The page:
The Kiss

When Miguel was just thirteen he realized that loneliness could make him do almost anything. A girl a year older than him named Gabriela with chocolate brown eyes and ringlets down to her shoulders told him if he took off his shirt and climbed the tree at the edge of the playground she would give him a kiss when he came down. He climbed slowly to the very top to show her he was truly worthy of her lips then yelled:

“Look Gabriela, look!”

Even from this distance he heard her laughter, watched as she gave him the finger then screamed:

“You idiot!”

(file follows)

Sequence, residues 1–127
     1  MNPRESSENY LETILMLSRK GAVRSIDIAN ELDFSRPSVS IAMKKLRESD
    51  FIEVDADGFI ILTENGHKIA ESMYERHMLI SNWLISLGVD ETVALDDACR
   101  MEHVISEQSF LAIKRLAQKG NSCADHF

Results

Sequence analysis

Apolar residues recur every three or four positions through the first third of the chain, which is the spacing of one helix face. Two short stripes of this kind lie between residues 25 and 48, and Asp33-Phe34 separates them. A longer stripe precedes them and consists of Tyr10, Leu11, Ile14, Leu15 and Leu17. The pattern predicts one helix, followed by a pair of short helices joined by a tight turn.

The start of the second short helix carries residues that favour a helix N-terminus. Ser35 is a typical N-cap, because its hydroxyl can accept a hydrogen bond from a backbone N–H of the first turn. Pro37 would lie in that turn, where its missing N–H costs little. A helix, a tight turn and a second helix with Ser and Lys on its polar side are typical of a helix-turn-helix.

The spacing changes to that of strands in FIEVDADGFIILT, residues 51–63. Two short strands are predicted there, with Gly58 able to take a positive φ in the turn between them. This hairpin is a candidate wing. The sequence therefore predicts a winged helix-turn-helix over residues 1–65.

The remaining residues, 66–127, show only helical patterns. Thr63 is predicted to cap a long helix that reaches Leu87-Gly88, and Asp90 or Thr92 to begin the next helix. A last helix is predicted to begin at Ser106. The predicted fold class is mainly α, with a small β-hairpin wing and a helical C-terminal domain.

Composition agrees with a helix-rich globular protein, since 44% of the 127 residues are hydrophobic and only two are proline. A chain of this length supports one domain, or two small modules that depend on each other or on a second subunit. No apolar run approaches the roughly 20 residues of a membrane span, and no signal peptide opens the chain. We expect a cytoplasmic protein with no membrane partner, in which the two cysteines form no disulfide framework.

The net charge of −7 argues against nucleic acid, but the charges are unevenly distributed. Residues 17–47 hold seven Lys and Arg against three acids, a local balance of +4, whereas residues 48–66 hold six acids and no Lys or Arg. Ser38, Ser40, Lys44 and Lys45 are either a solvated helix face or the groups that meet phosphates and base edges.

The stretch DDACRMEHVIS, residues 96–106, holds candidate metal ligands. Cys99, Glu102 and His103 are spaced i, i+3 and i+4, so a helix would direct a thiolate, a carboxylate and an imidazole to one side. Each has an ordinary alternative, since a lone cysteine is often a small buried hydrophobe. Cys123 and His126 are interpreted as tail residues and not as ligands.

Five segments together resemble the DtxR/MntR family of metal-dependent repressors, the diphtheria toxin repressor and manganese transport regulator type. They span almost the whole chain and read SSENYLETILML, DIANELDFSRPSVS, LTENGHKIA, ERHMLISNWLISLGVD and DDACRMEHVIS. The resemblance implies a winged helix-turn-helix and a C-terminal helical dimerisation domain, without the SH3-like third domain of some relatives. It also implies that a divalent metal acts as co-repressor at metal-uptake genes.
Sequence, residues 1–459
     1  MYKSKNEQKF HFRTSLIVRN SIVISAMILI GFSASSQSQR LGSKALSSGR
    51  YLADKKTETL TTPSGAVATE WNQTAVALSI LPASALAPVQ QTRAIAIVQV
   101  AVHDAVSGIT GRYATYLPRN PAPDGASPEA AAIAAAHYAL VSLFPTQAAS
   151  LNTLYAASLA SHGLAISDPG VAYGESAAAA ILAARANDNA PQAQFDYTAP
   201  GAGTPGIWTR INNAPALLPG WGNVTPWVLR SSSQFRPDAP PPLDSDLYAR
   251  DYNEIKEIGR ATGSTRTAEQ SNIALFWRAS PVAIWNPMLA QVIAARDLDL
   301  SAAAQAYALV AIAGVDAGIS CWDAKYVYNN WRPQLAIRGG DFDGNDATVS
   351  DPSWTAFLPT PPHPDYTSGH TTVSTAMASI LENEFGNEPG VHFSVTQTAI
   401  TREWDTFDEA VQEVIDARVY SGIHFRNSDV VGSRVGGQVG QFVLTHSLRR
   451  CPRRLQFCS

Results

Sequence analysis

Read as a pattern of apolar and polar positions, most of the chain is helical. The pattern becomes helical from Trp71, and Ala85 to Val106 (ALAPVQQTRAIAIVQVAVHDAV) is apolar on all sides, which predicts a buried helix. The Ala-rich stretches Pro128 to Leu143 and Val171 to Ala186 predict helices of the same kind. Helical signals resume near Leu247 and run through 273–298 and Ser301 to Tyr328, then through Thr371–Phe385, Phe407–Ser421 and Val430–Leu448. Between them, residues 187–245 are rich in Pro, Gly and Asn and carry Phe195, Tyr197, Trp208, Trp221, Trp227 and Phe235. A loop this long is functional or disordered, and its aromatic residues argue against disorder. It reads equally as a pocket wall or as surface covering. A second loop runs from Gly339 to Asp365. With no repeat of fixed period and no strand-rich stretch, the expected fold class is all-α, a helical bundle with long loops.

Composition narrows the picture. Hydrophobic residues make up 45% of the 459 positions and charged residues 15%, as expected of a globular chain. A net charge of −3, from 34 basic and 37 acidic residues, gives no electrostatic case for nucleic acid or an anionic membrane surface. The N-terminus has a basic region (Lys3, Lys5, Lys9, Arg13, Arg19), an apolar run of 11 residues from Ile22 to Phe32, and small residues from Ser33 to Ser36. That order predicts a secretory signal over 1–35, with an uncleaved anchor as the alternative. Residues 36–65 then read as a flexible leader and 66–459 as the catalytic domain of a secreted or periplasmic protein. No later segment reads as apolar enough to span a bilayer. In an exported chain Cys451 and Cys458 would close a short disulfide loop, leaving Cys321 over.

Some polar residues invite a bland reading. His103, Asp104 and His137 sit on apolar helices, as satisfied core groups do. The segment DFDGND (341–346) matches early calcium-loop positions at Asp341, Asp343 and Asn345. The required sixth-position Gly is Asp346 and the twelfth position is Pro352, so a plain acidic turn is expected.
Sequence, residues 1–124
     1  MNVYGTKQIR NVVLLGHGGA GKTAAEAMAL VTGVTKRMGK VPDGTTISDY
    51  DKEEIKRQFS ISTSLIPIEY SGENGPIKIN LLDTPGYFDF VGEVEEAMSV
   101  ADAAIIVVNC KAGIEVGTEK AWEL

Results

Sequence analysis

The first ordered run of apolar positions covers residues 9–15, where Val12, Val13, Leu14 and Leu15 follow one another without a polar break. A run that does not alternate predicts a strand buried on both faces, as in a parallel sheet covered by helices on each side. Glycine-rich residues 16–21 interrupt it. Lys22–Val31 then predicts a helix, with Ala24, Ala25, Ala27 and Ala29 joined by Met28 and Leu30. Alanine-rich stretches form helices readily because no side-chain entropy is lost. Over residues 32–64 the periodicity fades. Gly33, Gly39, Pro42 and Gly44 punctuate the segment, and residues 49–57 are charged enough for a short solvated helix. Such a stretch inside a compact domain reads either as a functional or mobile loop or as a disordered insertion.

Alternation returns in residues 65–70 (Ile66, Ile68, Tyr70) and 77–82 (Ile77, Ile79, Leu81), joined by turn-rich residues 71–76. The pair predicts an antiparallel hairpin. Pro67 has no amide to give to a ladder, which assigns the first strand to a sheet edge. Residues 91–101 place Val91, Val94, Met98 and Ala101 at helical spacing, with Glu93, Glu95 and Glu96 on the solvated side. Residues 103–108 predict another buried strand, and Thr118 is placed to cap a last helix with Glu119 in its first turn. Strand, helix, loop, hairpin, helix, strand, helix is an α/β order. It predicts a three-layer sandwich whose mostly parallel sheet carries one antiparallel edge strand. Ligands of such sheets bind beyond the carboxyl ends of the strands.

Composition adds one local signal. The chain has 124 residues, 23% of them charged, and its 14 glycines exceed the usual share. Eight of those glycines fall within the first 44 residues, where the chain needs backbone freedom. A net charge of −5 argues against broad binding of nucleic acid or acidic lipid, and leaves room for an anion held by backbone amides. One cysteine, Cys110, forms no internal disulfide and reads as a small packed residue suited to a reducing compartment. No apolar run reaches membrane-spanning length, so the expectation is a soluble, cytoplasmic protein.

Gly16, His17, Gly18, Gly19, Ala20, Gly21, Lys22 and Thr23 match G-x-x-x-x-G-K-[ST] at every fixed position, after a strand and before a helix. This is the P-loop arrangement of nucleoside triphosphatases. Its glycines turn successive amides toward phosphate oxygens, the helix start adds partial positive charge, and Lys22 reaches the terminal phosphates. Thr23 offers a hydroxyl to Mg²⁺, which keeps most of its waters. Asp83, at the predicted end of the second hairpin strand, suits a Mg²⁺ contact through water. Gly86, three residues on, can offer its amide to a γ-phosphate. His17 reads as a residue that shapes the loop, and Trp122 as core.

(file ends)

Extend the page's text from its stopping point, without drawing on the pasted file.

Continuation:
She threw his shirt in some thorny bushes; Miguel gripped the branch he was holding so hard his knuckles turned white. He’d climbed so high he wasn’t sure how to get down so he leaned back against the trunk of the tree and thought how surely real men were beyond loneliness, and how he would have to become one of those men if he ever wanted to get anywhere.

Peter Schwartz studied Advanced Fiction Writing with Rick Moody at SUNY Purchase. Since that time he has published stories in such journals as Pindeldyboz, Johnny America, and The Dublin Quarterly. His deepest wish is to simply live a life of beginnings.